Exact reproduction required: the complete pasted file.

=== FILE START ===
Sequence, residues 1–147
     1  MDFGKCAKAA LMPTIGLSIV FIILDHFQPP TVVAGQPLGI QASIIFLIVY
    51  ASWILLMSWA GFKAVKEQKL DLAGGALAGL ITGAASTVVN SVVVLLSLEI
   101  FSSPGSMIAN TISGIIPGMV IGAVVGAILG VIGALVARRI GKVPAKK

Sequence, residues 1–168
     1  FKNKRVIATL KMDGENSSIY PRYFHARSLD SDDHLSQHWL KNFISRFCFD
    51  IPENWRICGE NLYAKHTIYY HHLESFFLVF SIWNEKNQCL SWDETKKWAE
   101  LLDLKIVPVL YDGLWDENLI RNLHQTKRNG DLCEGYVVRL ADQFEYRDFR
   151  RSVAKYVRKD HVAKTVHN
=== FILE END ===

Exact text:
Sequence, residues 1–147
     1  MDFGKCAKAA LMPTIGLSIV FIILDHFQPP TVVAGQPLGI QASIIFLIVY
    51  ASWILLMSWA GFKAVKEQKL DLAGGALAGL ITGAASTVVN SVVVLLSLEI
   101  FSSPGSMIAN TISGIIPGMV IGAVVGAILG VIGALVARRI GKVPAKK

Sequence, residues 1–168
     1  FKNKRVIATL KMDGENSSIY PRYFHARSLD SDDHLSQHWL KNFISRFCFD
    51  IPENWRICGE NLYAKHTIYY HHLESFFLVF SIWNEKNQCL SWDETKKWAE
   101  LLDLKIVPVL YDGLWDENLI RNLHQTKRNG DLCEGYVVRL ADQFEYRDFR
   151  RSVAKYVRKD HVAKTVHN